Moving abroad and starting your own business in a foreign country is a daunting task that requires intense research and thorough planning. But all that stress and hard work can turn into one of the most rewarding experiences you’ll ever have. I decided to move to Thailand in 2012 to start my first company: it allowed me to grow my business much faster than I could have in the U.S., and it made me who I am today. If you’re thinking of starting a business abroad, there are some basic things you’ll want to start researching. To make it easier for you, I’ve listed them here, along with a few tips that I’ve picked up over the years.
If you’re thinking of starting a business abroad, there are some basic things you’ll want to start researching. To make it easier for you, I’ve listed them here, along with a few tips that I’ve picked up over the years.
Start With The Legal Stuff
The laws that apply to your business will vary greatly depending on whether you register in the U.S. or another country. Since I was living abroad, and my business is entirely internet-based, I chose to register in a state with no income tax. These states include Alaska, Florida, Nevada, South Dakota, Texas, Washington and Wyoming.
I was also able to take advantage of the foreign earned income tax exclusion, which shields your first $100,000 of profit from federal taxation if you live outside the U.S. for more than 330 days in a year. These two tax benefits allowed me to grow my business much faster than I could have while living at home, because I was able to re-invest profits back into my business that otherwise would have gone to Uncle Sam.
If you’re registering your business abroad, there are three main legal aspects you’ll want to pay attention to: taxes, intellectual property rights and political climate. I can’t stress enough the importance of finding an international tax lawyer who has experience dealing with the country you’ve chosen. If you can’t find one, try searching for entrepreneur groups in your desired country, and ask who they’re using.
Another good place to start your search is the Small Business Administration’s list of resources for doing business abroad. For individual tax considerations, the IRS also has a useful FAQ page. As for international IP rights, the easiest way to find information is by going to the World Intellectual Property Organization’s website. Its country profiles page allows you to search for IP laws by country in just a few clicks.
Researching the political climate in your potential country is also an essential part of developing a well-thought-out plan. Simply put, certain countries have less-than-favorable reputations with foreign entrepreneurs. You want to make sure that you won’t be a year or two into business when a litany of new “taxes” pop up.
Investigate The Infrastructure
Once you’ve got all of that exhilarating legal research out of the way, it’s time to consider the country’s infrastructure. How much will rent and utilities cost? What transportation systems are in place? How fast is the internet? How often will the weather affect your ability to do business? Those are just a few of the questions you’ll need to ask.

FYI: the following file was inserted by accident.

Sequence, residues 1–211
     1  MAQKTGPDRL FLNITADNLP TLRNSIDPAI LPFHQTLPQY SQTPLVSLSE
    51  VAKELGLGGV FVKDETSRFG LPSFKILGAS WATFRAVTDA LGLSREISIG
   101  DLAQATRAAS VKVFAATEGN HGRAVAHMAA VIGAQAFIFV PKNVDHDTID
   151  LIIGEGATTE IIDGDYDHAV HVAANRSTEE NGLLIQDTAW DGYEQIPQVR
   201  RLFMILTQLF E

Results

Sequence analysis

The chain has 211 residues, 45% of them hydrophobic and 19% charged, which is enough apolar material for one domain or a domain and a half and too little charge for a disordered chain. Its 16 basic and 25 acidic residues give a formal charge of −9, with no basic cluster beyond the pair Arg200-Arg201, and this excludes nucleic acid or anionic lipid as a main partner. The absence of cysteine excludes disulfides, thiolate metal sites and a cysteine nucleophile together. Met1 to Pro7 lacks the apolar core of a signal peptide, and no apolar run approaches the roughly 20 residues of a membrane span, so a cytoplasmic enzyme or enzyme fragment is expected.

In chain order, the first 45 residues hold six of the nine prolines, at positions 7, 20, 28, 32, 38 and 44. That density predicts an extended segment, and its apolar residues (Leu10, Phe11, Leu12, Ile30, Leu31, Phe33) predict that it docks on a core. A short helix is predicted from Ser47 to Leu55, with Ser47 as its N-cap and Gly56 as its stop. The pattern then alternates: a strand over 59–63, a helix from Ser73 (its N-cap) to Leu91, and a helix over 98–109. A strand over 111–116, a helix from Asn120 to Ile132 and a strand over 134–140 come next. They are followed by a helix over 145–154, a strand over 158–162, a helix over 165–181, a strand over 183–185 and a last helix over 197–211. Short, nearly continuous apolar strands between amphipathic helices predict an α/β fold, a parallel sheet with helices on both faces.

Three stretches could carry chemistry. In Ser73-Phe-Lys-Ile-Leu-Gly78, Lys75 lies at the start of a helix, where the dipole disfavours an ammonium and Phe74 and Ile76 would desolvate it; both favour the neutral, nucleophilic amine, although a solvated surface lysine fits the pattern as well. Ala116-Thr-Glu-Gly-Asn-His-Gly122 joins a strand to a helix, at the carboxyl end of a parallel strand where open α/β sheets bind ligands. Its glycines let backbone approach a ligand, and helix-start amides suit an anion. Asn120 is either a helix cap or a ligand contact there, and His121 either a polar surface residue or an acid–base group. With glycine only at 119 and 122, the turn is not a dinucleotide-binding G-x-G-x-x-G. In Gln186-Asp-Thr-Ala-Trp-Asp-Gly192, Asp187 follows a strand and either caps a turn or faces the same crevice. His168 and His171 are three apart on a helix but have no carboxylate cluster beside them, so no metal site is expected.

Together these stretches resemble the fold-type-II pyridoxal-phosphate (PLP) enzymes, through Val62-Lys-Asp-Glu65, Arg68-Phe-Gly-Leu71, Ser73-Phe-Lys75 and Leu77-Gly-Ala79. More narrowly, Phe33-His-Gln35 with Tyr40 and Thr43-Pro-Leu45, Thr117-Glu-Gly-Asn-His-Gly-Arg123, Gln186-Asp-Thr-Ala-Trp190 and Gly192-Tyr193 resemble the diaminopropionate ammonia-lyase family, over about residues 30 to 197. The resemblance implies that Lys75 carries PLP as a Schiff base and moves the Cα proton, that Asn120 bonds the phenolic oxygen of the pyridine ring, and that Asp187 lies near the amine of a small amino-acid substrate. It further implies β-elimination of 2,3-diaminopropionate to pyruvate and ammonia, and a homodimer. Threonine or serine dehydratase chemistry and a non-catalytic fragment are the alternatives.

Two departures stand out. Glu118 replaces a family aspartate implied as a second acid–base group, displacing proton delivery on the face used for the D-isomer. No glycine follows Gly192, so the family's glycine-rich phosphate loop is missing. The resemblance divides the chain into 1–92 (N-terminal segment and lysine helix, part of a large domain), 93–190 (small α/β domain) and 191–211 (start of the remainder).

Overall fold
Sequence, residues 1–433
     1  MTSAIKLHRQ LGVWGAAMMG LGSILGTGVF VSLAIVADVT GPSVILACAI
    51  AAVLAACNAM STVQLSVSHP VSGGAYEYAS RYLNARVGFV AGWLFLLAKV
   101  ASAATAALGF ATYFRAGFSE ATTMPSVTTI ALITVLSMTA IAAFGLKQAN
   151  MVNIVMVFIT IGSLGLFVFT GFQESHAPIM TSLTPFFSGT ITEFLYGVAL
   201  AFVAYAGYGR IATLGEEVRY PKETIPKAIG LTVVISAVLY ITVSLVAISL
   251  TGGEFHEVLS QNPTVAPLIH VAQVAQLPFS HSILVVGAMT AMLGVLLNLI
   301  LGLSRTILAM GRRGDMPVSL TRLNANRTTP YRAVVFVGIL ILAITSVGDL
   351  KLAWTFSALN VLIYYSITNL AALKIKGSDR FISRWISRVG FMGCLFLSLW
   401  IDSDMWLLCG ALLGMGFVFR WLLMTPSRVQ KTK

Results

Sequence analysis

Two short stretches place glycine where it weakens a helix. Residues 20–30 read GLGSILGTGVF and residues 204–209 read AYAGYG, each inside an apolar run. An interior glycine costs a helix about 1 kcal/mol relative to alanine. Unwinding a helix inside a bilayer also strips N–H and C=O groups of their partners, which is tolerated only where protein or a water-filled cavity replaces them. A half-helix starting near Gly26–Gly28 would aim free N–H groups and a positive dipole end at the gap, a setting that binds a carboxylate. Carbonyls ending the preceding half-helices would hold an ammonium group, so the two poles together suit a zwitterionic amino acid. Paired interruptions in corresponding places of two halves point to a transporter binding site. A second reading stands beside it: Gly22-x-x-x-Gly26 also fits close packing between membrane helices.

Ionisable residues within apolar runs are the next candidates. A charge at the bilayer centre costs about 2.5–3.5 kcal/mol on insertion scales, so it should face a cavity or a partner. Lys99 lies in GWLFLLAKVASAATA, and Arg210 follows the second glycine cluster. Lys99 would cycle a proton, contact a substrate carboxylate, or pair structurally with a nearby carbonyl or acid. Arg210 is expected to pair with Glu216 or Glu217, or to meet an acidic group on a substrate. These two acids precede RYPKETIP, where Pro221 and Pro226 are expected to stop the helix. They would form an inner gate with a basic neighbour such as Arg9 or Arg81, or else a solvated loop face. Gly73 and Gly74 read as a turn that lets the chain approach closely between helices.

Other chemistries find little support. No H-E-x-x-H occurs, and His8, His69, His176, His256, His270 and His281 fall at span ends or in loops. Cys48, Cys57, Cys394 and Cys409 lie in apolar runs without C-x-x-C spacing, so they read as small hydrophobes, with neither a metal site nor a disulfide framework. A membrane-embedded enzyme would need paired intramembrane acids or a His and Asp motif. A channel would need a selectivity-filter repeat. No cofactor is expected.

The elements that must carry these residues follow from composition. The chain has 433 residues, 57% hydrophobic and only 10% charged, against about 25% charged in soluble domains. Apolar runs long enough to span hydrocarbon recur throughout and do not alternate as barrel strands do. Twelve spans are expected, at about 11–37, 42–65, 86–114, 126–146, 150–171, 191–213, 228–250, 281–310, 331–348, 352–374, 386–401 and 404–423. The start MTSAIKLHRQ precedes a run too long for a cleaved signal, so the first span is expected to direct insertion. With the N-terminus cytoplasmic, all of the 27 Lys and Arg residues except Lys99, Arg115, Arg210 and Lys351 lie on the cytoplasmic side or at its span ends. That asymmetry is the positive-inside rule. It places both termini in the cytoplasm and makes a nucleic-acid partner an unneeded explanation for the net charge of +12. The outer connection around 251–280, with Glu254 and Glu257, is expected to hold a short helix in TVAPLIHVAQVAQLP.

When researching the infrastructure, be sure to look into the specific cities or regions you might stay in. The country might meet all of your requirements, but that doesn’t mean every part of the country will. Things like internet connectivity, transportation, and climate itself can vary drastically from region to region.
Embrace The Culture
If you want to successfully live — let alone do business — in a new country, you need to embrace the culture and gain at least a functional understanding of the language. Sure, you can get by on translators or spend all of your time with other expats, but frankly, if you’re going to do that, you might as well stay home.
When you interact with locals and speak their language, you open yourself up to a whole new world of experiences and possibilities. From a business standpoint, you’ll find it much easier to forge new relationships if you can communicate effectively. Even if the conversation starts in their native tongue and moves to English, you’ll both show and receive respect by making the effort. Thanks to the internet, phone apps, and more extensive resources like Rosetta Stone, it has never been easier to learn a new language. Pick up one of these resources or find a couple native speakers online to converse with before you go, and you’ll be speaking your desired language in no time.
But don’t forget — learning the language is just one part of embracing a new culture. You’ll also need to learn personal and business customs. Unfortunately, it’s hard to truly grasp all of these customs before you experience them, so my advice would be to throw yourself into it wholeheartedly, and don’t take yourself too seriously. We’re all going to make a couple of silly mistakes when adjusting to new surroundings.
Like I said at the beginning, the choice to move to a new country and set up shop is a daunting one. But with thorough research and planning, it can be the most rewarding decision you’ll ever make. If I could leave you with one last crucial piece of advice, it would be to find a partner: someone who’s native to the country (or has lived and done business there) to be your right hand. Their firsthand experience will prevent you from making simple mistakes due to inexperience, and it will make things much easier for you from the start while you’re still adjusting. And remember, there’s no such thing as doing too much research.